Nutritional therapy is an holistic therapy which supports health and well-being. It addresses the uniqueness of the individual, taking into account genetic and environmental factors which influence health and disease. Nutritional therapy complements conventional medicine and other therapies.
You will find more details on the practice of Nutritional Therapy here.
Before embarking on a nutritional therapy programme, you should always consult your primary healthcare team about any health concerns that you may have, and before consulting a nutritional therapist you should ensure that they have full membership with a professional body such as the British Association for Applied Nutrition and Nutritional Therapy (BANT) and are registered with the Complementary and Natural Healthcare Council (CNHC).
BANT is the professional body for Nutritional Therapists. Its primary function is to assist its members in attaining the highest standards of integrity, knowledge, competence and professional practice, in order to protect the client’s interests, nutritional therapy and the Nutritional Therapist.
Complementary and Natural Healthcare Council (CNHC)
CNHC is the UK regulator for complementary healthcare practitioners including Nutritional Therapists. CNHC’s register has been approved as an Accredited Register by the Professional Standards Authority for Health and Social Care. The CNHC’s key role is to enhance public protection by setting standards for registration and ensuring that all registered practitioners meet the relevant National Occupational Standards. Nutritional Therapists must meet the CNHC’s standards and maintain their professional skills through an ongoing programme of Continuing Professional Development.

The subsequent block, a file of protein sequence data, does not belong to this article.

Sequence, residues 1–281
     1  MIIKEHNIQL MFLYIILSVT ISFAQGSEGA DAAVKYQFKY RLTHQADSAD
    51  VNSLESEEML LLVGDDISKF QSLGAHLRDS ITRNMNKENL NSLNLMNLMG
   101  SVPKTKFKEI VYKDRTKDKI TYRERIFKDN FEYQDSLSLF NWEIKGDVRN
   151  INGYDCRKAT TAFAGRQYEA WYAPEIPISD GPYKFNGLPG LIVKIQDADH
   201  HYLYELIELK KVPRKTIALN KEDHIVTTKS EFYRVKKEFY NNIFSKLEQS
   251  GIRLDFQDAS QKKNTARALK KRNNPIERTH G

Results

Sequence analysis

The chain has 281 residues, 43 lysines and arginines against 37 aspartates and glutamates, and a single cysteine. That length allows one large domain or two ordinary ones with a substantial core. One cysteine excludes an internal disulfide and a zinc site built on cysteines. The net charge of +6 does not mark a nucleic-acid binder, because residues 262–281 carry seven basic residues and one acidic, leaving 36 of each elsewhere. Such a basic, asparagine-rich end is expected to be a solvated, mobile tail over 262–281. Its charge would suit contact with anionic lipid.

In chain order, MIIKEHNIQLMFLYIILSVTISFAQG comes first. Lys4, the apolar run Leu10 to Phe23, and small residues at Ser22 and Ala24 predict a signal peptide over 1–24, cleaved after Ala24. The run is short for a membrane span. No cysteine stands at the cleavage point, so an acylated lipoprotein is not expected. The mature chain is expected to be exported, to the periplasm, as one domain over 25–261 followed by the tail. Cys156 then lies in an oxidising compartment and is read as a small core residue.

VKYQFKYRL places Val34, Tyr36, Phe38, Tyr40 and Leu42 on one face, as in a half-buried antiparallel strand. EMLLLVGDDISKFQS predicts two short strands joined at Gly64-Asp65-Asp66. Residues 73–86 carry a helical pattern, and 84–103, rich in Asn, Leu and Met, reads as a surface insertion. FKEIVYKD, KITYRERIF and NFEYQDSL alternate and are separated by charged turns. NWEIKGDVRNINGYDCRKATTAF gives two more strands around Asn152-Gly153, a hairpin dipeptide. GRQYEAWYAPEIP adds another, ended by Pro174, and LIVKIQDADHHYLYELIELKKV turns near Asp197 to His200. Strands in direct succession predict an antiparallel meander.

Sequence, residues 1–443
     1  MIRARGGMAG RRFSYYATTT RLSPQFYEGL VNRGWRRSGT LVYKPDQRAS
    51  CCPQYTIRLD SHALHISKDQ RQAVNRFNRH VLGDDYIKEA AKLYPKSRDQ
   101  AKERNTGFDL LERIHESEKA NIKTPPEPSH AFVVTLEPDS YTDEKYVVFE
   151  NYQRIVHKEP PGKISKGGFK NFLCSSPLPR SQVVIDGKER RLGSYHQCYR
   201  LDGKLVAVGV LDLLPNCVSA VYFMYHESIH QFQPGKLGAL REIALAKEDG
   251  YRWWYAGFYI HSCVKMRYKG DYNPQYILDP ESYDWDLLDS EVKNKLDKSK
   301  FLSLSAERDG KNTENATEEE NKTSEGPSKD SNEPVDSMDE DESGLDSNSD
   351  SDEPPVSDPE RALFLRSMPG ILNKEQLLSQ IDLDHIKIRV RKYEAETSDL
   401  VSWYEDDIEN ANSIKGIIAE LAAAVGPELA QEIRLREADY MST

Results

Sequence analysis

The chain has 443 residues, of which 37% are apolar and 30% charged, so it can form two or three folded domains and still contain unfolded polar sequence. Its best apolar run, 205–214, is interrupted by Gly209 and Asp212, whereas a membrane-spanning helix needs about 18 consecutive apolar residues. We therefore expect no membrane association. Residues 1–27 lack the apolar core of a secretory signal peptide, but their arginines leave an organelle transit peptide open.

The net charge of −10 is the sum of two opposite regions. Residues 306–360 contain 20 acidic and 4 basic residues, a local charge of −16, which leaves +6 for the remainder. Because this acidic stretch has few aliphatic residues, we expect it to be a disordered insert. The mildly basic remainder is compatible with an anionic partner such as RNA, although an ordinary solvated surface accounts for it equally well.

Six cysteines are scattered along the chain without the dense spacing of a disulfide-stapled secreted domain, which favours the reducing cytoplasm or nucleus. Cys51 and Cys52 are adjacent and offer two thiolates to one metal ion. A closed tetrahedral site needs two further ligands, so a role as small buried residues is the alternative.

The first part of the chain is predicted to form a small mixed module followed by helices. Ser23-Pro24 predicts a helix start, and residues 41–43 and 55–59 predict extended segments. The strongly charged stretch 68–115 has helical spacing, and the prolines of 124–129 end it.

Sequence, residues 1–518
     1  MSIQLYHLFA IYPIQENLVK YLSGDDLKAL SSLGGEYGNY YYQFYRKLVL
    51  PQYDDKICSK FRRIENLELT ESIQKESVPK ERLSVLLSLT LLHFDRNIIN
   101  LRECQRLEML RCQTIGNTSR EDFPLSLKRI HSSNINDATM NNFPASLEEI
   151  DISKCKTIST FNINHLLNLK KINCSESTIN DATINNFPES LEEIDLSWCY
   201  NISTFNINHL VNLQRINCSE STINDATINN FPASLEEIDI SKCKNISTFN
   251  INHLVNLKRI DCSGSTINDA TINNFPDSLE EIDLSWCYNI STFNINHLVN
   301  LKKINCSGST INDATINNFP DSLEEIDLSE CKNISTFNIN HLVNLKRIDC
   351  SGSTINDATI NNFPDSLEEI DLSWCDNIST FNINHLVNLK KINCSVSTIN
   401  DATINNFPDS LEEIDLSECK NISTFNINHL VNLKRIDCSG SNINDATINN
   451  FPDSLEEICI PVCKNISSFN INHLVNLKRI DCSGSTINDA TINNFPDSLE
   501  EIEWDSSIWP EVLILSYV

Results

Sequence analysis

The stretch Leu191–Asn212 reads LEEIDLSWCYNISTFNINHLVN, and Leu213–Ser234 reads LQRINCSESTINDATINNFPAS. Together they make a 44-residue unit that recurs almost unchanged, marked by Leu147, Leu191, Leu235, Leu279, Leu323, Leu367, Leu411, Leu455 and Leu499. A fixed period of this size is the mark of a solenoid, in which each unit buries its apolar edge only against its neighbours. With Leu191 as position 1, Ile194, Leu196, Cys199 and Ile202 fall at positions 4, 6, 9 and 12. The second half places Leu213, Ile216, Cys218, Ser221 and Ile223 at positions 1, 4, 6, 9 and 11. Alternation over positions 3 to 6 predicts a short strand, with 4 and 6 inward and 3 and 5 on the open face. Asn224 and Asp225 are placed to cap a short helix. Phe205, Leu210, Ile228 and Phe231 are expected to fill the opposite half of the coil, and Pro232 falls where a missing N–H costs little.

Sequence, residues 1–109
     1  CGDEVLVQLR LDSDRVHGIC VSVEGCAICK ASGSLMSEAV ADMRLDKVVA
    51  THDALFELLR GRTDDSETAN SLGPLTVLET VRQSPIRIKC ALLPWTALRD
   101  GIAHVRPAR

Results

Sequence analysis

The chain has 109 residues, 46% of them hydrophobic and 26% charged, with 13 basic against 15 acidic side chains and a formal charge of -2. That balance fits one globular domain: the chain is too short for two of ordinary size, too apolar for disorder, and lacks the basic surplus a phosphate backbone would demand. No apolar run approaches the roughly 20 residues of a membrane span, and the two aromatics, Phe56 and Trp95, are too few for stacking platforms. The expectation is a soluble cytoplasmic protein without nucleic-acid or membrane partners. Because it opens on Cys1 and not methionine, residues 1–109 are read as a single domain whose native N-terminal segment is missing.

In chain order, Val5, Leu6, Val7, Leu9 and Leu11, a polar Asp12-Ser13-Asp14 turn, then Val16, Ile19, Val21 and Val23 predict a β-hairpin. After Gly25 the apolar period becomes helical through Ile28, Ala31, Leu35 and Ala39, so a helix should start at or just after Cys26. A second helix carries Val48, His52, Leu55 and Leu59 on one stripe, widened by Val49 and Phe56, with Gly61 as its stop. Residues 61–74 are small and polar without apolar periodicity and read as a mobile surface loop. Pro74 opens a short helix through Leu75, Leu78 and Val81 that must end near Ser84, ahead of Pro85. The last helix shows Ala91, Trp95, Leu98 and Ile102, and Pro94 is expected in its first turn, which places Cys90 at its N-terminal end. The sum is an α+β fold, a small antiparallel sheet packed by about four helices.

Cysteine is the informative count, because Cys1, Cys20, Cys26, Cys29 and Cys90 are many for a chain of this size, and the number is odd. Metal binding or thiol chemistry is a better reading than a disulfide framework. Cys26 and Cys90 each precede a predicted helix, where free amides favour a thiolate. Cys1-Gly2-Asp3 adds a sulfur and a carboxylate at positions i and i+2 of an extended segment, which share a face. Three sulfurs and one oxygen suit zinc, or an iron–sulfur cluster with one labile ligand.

Functional medicine emphasises a definable and teachable process of integrating multiple knowledge bases within a pragmatic intellectual matrix that focuses on functionality at many levels, rather than a single treatment for a single diagnosis. Functional medicine uses the patient’s story as a key tool for integrating diagnosis, signs and symptoms, and evidence of clinical imbalances into a comprehensive approach to improve both the patient’s environmental inputs and his or her physiological function.
The Institute for Functional Medicine teaches health care professionals how to apply these principles in practice through an intensive 5 day training course called Applying Functional Medicine in Clinical Practice™.
Deborah Colson attended and completed the inaugural AFMCP™-UK training in London in 2011.